The youth pastor at my church once told me that we should never feel bad about recycling lessons or ideas because, at this point, nothing is original.  I am glad he feels that way, because I am about to blatantly rip him off.

Recently, we had a youth lesson based on the scripture of Jesus washing his disciples’ feet the night before his arrest.  While there are a myriad of lessons to be taken away from this, that particular lesson focused on valuing other people.  To go a step further, we talked about the fact that, if you truly value someone, you should serve them.  And after telling them that valuing people leads to service, we had everyone wash each others’ feet. 

It was a fantastic lesson.  It was a perfect illustration of my hips don’t lie theory.  But as we continued to hammer home the point that you will serve the people that you value, I could not help but to wonder if the opposite is true.  Can serving people lead to valuing them?

I am a firm believer that your habits, while they often reflect your values, can dictate who you are.  If you start smoking a lot, you become a smoker.  If you start watching hockey and saying “eh” at the end of every sentence, you will eventually become a Canadian.  So if valuing people is so closely related to serving people, wouldn’t it follow that serving someone would ultimately lead to placing value on them?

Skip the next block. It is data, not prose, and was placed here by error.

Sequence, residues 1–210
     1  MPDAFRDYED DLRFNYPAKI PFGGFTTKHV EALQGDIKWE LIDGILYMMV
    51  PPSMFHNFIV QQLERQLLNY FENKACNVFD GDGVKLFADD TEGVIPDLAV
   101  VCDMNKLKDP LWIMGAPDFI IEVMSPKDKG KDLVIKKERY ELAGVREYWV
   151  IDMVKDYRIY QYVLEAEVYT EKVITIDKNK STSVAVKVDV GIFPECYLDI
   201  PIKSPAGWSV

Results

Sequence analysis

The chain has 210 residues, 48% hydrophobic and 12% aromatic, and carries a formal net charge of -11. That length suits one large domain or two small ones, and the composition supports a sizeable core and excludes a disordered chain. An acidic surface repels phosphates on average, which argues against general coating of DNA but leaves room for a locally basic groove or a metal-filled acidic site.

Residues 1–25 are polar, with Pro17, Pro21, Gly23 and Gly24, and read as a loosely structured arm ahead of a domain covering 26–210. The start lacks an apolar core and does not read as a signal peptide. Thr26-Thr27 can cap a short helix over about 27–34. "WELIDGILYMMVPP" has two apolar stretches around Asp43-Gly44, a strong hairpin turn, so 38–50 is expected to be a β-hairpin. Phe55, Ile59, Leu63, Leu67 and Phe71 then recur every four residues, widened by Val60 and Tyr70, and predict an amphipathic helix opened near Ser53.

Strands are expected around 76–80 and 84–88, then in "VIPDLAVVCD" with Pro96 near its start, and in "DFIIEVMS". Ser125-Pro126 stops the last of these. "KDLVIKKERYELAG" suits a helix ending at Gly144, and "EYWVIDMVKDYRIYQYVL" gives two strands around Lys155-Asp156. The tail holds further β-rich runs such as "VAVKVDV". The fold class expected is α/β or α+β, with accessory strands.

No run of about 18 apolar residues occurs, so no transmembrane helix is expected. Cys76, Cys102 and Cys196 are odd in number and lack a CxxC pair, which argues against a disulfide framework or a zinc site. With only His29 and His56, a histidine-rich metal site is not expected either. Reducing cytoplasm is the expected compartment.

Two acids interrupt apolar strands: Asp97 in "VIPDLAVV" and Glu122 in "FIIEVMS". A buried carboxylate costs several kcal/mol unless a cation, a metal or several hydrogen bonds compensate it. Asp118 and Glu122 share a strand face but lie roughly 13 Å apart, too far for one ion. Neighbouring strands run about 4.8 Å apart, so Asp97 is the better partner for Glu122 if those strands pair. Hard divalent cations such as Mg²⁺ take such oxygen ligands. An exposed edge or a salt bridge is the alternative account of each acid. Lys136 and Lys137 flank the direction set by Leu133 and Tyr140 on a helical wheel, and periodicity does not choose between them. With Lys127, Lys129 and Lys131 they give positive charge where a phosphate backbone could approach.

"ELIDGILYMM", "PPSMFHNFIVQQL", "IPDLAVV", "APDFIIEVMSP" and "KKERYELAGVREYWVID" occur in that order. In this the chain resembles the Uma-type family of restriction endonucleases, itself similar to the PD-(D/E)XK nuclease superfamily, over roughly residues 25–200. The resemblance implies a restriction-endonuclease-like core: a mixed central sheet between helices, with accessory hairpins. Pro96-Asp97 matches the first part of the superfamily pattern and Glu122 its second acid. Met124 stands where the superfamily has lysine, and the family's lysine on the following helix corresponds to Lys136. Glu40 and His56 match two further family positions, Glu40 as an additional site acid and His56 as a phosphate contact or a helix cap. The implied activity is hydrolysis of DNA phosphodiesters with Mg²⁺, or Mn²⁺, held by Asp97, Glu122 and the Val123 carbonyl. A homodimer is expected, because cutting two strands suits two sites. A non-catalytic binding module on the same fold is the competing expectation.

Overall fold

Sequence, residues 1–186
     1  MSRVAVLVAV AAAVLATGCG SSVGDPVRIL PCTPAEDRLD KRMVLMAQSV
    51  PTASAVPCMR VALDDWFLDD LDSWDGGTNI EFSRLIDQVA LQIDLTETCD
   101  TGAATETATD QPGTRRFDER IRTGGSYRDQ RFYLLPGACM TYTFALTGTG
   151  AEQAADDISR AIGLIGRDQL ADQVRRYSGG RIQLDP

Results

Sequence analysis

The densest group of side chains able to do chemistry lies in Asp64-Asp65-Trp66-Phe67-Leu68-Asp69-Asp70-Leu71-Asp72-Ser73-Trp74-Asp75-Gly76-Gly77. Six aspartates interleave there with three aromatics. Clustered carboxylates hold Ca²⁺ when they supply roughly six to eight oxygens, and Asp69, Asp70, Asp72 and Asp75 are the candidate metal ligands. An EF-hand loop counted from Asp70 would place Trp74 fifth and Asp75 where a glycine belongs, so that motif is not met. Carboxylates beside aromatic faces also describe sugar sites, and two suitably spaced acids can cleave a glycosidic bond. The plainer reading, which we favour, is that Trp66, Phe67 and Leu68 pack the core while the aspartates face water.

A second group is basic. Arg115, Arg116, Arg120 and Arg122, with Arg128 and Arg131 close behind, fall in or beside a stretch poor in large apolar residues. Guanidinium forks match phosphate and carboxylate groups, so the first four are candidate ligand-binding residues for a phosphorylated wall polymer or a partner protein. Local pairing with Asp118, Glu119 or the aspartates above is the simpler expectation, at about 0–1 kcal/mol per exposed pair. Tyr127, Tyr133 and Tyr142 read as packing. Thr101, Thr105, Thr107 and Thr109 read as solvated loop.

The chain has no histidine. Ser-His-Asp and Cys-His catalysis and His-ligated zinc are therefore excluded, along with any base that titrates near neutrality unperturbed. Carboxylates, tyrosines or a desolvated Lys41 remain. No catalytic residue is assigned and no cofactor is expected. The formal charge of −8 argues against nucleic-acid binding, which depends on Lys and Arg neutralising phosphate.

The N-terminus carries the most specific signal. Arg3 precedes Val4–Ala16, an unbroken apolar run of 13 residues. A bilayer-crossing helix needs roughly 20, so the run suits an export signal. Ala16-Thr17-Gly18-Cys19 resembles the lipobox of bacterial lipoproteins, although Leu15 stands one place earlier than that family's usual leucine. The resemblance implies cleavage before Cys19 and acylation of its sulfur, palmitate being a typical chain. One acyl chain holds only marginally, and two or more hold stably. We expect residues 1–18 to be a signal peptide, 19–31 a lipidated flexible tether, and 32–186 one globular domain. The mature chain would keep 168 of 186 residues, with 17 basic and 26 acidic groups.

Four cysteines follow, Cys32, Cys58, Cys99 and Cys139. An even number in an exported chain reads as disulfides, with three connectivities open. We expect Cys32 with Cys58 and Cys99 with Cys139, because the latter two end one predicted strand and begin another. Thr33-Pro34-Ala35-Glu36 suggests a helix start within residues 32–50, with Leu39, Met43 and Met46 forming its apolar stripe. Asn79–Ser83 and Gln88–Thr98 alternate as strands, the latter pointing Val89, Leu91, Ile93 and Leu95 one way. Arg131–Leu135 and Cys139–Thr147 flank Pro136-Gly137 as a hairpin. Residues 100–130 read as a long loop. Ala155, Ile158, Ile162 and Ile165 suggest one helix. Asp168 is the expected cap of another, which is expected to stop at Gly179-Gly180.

While it may seem like I am simply arguing semantics, think about the implications here.  We all have people and groups that we have trouble relating to.  There are folks out there that make us uncomfortable, and others that we just might not like. 

What if we did something crazy and tried being nice to those people?  What if we started using our time to serve them no matter how awkward or uncomfortable it felt?  Then what if our service started breaking down the walls we have built to keep those people at a distance? 

Hmmm…I believe we would have no choice but to gain some appreciation for them.  If we really put our hearts into showing them love, wouldn’t it be cool if the love became real?  What a concept.  And if I’m wrong, what’s the worst that would happen?  We would be showing people we don’t normally spend time with what the love of Christ looks like.  Hallelujah.

Jesus replied: “‘Love the Lord your God with all your heart and with all your soul and with all your mind.’  This is the first and greatest commandment.  And the second is like it: ‘Love your neighbor as yourself.’ (Matthew 22:37-39 NIV)




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